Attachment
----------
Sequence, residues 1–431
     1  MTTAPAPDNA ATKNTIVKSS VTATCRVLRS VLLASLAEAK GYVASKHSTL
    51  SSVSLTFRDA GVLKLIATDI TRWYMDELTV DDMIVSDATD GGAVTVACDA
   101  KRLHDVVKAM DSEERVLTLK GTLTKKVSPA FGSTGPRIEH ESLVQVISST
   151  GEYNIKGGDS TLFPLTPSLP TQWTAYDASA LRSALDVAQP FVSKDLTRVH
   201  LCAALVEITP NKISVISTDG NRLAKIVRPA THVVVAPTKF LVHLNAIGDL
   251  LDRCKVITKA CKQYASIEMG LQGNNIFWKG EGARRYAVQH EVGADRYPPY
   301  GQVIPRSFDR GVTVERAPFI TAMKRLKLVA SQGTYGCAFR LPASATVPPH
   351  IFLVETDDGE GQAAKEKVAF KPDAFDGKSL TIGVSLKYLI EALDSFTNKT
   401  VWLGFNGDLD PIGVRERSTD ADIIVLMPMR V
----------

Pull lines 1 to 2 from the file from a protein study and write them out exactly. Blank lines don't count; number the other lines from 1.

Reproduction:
Sequence, residues 1–431
     1  MTTAPAPDNA ATKNTIVKSS VTATCRVLRS VLLASLAEAK GYVASKHSTL